Well, I felt better and as I finished up the final section, I admit I got a little teary-eyed.

I sat back down across from him. We both looked at each other. He was a man of few words and he only really spoke when he had something important to say.

He said, “Go back and just do the best you can. That’s all you can do.”

In hindsight, that was probably about one of the kindest things anyone has ever done for me whether he realized his impact or not. He didn’t have to help me but he did in his own unique and wise way. Perhaps this small story seems unimportant to you but it would go on to influence my future.

This poem has a special place in my heart because of that moment. Years later, I would buy a copy of it and I gave it to my children. I read it to them. Years later, I would tell someone here or there about the story. Years later, whenever I was down and out…I would read this poem and feel comforted and hopeful. Whenever I felt unworthy or not valued by others, I would remember the line about the child of the universe.

You have a right to be here.

And years later, today, I write this story to you with the intention that it will inspire you as well. The last few words of the poem are “Be cheerful. Strive to be happy.” This is something as I grow older, that I firmly do believe in regarding attitude determining altitude.

I encourage you to take a moment and read The Desiderata. This world, despite all its sham, drudgery and broken dreams, is still a beautiful place.

Positive Vibes

Hi guys! Sorry I haven’t posted in a while. I’ve been working on developing two writing projects and they are taking up a lot of my inner daydreams. Thinking about plots and characters and such.

I wonder how many of us have been taking a break from the heavy stuff. The news just makes me sad sometimes and I have to step away for a while, especially the back and forth comments on social media. I feel for the family of George Floyd. I couldn’t even watch that video all the way. It was horrible.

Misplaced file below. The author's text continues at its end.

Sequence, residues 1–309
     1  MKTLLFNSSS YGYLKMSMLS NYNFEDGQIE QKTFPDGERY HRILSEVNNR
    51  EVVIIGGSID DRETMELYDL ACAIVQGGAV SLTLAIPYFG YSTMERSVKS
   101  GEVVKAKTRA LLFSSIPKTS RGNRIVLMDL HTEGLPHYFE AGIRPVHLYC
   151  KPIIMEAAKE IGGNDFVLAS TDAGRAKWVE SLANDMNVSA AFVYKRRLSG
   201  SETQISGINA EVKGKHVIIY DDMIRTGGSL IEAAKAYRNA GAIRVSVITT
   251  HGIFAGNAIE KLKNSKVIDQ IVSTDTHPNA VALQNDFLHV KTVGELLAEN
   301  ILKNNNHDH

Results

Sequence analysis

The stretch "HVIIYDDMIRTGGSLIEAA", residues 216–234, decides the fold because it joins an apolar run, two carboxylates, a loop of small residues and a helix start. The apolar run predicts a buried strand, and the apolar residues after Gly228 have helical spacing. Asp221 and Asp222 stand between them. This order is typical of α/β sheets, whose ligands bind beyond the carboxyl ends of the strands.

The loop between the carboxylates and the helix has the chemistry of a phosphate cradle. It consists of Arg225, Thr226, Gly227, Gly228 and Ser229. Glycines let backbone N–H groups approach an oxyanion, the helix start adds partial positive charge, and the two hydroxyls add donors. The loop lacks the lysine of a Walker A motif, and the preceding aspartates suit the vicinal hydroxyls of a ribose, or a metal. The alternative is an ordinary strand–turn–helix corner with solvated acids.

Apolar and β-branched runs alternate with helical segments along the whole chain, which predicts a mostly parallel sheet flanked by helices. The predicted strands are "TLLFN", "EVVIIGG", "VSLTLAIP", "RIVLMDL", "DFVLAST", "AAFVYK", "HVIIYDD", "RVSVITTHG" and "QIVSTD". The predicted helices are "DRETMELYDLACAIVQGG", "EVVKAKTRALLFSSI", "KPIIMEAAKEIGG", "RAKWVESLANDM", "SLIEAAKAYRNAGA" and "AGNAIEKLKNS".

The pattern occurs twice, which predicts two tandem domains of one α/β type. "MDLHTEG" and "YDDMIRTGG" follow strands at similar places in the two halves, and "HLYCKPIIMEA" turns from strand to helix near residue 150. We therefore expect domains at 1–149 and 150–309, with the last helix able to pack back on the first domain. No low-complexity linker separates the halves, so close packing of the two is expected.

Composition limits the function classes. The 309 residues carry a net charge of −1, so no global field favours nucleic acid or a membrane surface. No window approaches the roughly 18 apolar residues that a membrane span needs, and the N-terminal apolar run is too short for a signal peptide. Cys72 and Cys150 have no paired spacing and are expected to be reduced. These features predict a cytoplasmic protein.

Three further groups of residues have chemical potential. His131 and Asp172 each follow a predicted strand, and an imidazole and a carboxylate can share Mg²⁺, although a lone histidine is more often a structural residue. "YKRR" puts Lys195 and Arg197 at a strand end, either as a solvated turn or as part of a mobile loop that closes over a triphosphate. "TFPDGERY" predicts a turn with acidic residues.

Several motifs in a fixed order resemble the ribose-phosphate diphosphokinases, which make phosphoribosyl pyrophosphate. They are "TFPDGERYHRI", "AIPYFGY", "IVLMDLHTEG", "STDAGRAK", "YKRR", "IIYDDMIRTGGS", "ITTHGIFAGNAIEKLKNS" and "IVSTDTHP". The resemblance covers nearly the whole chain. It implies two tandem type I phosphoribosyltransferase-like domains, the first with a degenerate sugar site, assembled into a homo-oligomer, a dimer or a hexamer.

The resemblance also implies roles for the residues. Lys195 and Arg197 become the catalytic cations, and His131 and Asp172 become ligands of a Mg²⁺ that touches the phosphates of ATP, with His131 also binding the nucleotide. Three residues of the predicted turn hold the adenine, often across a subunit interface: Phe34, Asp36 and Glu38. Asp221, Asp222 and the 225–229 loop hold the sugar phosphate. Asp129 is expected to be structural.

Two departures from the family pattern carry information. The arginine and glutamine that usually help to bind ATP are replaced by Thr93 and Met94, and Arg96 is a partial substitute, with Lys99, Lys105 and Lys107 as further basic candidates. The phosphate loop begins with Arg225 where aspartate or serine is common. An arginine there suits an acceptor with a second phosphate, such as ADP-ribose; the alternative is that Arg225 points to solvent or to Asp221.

I’m hoping and praying for y’all that life gets better for everyone and things become more inclusive and kind. For all its drudgery and despair, this world is still a beautiful place. I’m sending positive vibes your way tonight.

Unity, peace, love, understanding….these are things I admire and wish for you all.

As the coronavirus ravages and the peaceful protests hit the streets…I’ll be here in my little corner of the world while working my garden, hanging out with my family and pets, and pouring my energies into creative writing.

It’s not much but maybe if we all collectively work on these little things in our lives, it will have a ripple effect of positivity. Focus on building and maybe it will counter the things separating us from our common human connection.

“When it is raining, look for rainbows. When it is night time, look for stars.” Find the silver lining. Keep your face to the sun like a sunflower. Nurture. Grow.

It reminds me of a Tibetan Buddhist ceremony I went to once. The monks spent an entire week building a beautiful, intricate sand design. At the end of the week, the sand was all blown away. Thus is life. But even knowing this reality did not stop the monks from building. And neither should it stop you or me.

Life goes on. We get older. Things fall apart. All is just dust in the wind. What we do now may matter very little in the long run as things we were, things we did, things we tried to accomplish fade away to memories and then become forgotten.